if (node) {
        node->next = queue;
        return node;
    return NULL;

/* returns the head of the queue and modifies queue to be the new head */
queue_t* dequeue(queue_t **queue) {
    if (queue) {
        queue_t *node = (*queue);
        (*queue) = node->next;
        node->next = NULL;
        return node;
    return NULL;

ffnode_t* new_ffnode(int x, int y) {
    ffnode_t *node = (ffnode_t*)malloc(sizeof(ffnode_t));
    node->x = x; node->y = y;
    node->node.next = NULL;
    return node;

void flood_fill(image_t *image, int startx, int starty, 
                color_t target, color_t replacement) {
    queue_t *head = NULL;
    ffnode_t *node = NULL;

    if (!is_color(image, startx, starty, target)) return;

    node = new_ffnode(startx, starty);
    for ( ; node != NULL; node = (ffnode_t*)dequeue(&head)) {
        if (is_color(image, node->x, node->y, target)) {
            ffnode_t *west = node, *east = node;

            recolor(image, node->x, node->y, replacement);
            /* 1. move w to the west until the color of the node to the west
               no longer matches target */
share|improve this answer
It's too bad that no one has an implementation of the fixed-memory flood fill algorithm mentioned in the Wikipedia entry on flood fill. That would be cool. :) – user427415 Aug 22 '10 at 3:04

Isn't there a proof somewhere that all recursive functions can be implemented as an iterative function by using local data to mimic a stack? You could probably use std::vector to create stack-like behavior of the algorithm without blowing the stack since it will use the heap.

EDIT: I noticed you are using C, so instead of std::vector, you could just implement similar behavior via realloc as you need to add more elements to your local "stack" of whatever data structure you would use.

share|improve this answer
This is what I would do. – Spencer Ruport Aug 10 '09 at 20:52
Well, he's not going to use std::vector in c, though. – dmckee Aug 10 '09 at 20:52
Good point, I updated the answer with std::vector substitute advice. – Jim Buck Aug 10 '09 at 21:46
Although it's possible to turn it into an iterative function with an explicit stack, I'd be worried that it might become a very large stack - the maximum length being bounded by the longest acyclic path through the (rather dense) planar graph formed by the floodfill area. Using a breadth-first search strategy is likely to require less memory. – bdonlan Aug 11 '09 at 3:10
"Isn't there a proof somewhere that all recursive functions can be implemented as an iterative function by using local data to mimic a stack?" Yes, there is. It goes like this: All recursive algorithms are run by pushing a new frame on the call stack for every recursive call. Instead of doing that implicitly through function calls, you could do it explicitly yourself. QED. ;) – Joren Jul 15 '10 at 17:48

You can convert any recursive algorithm to iterative by creating an explicit stack or queue and loading work onto it/pulling it off.

All you need is to choose a nice, compact representation of the work to be done. Worst case: create a struct holding the arguments you would normally pass to the recursive version...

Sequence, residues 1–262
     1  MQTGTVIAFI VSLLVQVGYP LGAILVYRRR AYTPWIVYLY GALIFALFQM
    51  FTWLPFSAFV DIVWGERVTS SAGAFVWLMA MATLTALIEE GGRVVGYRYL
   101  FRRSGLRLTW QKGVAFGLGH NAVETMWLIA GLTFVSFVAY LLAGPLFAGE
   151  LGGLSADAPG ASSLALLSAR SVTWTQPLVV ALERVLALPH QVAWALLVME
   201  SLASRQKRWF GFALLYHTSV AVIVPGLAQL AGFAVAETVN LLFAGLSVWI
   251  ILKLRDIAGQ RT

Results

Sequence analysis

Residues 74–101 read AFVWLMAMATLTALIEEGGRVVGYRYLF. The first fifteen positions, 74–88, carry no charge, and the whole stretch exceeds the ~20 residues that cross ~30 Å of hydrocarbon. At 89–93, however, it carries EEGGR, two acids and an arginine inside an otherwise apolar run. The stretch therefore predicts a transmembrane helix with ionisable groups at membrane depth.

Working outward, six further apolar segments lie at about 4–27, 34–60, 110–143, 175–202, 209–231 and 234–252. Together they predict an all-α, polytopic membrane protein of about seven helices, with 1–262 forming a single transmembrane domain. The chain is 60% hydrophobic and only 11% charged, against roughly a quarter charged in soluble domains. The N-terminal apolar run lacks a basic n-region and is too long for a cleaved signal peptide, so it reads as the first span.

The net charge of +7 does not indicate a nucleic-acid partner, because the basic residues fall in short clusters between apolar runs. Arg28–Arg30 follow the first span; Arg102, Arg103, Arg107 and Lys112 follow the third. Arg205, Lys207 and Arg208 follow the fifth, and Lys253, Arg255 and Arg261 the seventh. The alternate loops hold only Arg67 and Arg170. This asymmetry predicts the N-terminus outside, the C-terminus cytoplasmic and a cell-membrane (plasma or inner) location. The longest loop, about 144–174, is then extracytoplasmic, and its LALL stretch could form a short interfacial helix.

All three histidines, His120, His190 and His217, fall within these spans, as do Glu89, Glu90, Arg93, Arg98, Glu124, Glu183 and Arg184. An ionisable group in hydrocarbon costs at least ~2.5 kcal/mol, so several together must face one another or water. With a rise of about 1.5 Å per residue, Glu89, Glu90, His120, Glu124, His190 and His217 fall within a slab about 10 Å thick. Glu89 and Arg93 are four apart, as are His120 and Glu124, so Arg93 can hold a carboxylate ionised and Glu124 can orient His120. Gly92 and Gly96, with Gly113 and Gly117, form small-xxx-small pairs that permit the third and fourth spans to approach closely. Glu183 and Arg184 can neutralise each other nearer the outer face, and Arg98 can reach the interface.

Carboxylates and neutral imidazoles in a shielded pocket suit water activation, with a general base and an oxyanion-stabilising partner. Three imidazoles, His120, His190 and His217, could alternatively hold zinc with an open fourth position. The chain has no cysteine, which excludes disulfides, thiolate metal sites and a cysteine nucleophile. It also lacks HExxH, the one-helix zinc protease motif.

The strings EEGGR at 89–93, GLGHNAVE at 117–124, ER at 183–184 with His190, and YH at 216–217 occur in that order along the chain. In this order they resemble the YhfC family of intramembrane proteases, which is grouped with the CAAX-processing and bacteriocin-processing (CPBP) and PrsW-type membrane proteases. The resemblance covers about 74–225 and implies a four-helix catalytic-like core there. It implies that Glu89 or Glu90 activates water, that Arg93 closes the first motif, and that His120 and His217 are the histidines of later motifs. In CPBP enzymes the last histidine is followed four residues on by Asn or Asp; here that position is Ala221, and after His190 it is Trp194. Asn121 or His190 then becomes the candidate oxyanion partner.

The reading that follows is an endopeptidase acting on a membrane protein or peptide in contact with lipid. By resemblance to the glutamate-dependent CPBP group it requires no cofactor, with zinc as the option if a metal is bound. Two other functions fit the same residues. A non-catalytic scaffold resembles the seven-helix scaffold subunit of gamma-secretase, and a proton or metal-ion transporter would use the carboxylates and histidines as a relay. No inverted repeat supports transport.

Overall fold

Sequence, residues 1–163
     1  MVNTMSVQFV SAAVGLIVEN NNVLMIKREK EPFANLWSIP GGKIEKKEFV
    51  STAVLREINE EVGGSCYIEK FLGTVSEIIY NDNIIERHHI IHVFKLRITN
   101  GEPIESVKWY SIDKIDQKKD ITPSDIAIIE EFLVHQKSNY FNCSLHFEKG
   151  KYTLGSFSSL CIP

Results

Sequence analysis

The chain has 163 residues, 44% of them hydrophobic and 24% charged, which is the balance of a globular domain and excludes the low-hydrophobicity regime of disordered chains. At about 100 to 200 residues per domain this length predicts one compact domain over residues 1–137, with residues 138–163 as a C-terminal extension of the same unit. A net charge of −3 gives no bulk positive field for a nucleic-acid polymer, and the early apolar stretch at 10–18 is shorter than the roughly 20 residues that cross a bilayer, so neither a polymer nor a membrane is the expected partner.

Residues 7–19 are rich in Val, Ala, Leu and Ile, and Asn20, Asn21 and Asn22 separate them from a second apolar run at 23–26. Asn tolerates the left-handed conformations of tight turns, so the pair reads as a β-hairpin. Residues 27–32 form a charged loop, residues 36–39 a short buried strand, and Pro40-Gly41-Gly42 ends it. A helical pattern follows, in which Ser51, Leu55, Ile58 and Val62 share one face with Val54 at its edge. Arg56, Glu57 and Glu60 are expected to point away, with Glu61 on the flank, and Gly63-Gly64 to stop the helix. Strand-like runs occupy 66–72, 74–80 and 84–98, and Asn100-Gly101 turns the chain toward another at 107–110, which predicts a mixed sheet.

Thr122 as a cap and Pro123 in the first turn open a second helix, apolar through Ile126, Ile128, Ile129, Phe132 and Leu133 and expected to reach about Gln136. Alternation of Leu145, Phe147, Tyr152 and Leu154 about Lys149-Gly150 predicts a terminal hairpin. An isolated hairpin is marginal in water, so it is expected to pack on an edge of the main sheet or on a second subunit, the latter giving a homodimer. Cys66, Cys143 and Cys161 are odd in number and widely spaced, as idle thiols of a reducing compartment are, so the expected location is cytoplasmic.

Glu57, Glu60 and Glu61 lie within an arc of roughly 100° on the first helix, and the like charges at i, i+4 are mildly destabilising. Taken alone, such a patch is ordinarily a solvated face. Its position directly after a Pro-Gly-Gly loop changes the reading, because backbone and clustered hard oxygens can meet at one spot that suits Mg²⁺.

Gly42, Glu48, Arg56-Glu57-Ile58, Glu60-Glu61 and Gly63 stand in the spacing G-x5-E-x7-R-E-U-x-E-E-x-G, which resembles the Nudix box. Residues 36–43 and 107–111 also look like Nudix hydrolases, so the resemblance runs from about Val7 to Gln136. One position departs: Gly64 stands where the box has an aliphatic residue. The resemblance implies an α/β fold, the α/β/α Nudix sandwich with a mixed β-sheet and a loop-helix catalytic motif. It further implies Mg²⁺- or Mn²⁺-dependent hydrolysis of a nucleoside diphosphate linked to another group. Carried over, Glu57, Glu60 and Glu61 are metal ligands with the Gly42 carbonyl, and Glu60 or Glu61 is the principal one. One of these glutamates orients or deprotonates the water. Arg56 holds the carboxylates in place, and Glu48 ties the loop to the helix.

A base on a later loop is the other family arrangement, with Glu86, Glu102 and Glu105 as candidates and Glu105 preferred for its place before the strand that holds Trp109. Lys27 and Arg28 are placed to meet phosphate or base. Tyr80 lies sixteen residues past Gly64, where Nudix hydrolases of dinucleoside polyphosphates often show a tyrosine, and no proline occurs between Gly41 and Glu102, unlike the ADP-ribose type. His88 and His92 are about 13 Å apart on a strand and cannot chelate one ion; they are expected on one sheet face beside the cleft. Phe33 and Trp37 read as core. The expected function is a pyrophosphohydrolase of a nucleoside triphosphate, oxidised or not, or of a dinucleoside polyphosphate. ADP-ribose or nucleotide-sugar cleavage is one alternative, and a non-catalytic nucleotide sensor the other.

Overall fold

share|improve this answer

I have a non-recursive flood fill, but I won't post it because it's the solution to a homework assignment. But here's a hint: depth-first search, which is the natural algorithm, uses far more auxiliary space than a breadth-first search. Here's what I wrote at the time (suitably expurgated):

I dare not try depth-first search by simple recursion; the depth of recursion is limited only by REDACTED, and my experiments show that an PROBLEM REDACTED could nevertheless require a stack depth of over a million. So I put the stack in an auxiliary data structure. Using an explicit stack actually makes it easy to try breadth-first search as well, and it turns out that breadth-first search can use forty times less space than depth-first search.

For my data structure I used the Seq_T from Dave Hanson's C Interfaces and Implementations; changing from depth-first to breadth-first requires changing just one function call.

share|improve this answer
Err, you need to fix up your second sentence which compares the auxiliary space of the same algorithms. :-) – Zan Lynx Aug 11 '09 at 2:40
@Zan: thanks, fixed – Norman Ramsey Aug 11 '09 at 2:56

We noticed that our floodfill implementation on 3d volumes was consuming way much memory; so we modified the code in the following ways (there was a vast improvement):

  1. Create a sphere of radius = 10 voxs around the starting point, and mark all the voxels within that radius as "to be visited"

  2. If the current voxel > threshold, insert 1.

  3. Go to the neighbors [+1, -1, 0] (also check that one doesn't revisit any voxel), if the neighbor.getVoxVal = 0 (the initialization value for the target volume), then it falls at the boundary of the sphere, insert the coordinates in a different stack. (this would be the starting point for our next sphere)

  4. radius = radius + 10 (voxels)

So at a time, our floodfill is working on a concentric sphere and filling things up, which is a part of the entire volume, and as I said, this has reduced the memory consumption drastically, but I am still searching for an implementation/idea that would be better.

share|improve this answer